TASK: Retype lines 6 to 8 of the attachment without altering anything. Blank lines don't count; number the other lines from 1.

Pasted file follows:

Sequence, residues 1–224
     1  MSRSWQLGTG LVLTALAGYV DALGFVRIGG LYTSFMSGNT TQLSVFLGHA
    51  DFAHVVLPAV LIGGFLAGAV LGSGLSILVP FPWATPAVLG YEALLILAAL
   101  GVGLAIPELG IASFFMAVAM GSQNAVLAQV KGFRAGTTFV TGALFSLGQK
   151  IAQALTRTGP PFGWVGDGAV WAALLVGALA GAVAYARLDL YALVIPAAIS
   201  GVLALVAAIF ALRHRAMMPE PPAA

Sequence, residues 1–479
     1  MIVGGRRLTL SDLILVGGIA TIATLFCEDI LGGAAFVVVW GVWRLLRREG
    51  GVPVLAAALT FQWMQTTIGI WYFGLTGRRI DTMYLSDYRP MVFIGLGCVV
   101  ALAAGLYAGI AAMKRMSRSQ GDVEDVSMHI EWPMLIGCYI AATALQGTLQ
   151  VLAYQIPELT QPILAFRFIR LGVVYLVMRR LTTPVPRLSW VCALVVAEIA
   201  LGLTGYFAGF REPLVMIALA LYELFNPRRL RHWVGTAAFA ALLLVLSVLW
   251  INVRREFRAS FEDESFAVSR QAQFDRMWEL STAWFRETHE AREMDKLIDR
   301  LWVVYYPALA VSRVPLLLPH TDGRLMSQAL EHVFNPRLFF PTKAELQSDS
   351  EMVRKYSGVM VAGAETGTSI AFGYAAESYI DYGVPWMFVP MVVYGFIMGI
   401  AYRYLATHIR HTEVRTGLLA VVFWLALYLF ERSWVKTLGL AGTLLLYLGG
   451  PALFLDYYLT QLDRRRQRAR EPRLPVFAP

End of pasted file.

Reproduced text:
   201  GVLALVAAIF ALRHRAMMPE PPAA

Sequence, residues 1–479
     1  MIVGGRRLTL SDLILVGGIA TIATLFCEDI LGGAAFVVVW GVWRLLRREG